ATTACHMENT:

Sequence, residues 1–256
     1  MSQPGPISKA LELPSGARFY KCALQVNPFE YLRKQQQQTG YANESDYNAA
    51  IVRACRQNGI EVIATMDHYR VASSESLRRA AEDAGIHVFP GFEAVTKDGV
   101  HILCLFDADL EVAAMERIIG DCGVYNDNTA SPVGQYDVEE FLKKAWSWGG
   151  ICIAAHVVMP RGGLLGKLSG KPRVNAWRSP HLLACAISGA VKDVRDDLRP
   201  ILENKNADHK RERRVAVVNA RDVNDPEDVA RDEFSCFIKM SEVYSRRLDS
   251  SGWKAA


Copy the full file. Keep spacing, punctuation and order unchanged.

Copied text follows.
Sequence, residues 1–256
     1  MSQPGPISKA LELPSGARFY KCALQVNPFE YLRKQQQQTG YANESDYNAA
    51  IVRACRQNGI EVIATMDHYR VASSESLRRA AEDAGIHVFP GFEAVTKDGV
   101  HILCLFDADL EVAAMERIIG DCGVYNDNTA SPVGQYDVEE FLKKAWSWGG
   151  ICIAAHVVMP RGGLLGKLSG KPRVNAWRSP HLLACAISGA VKDVRDDLRP
   201  ILENKNADHK RERRVAVVNA RDVNDPEDVA RDEFSCFIKM SEVYSRRLDS
   251  SGWKAA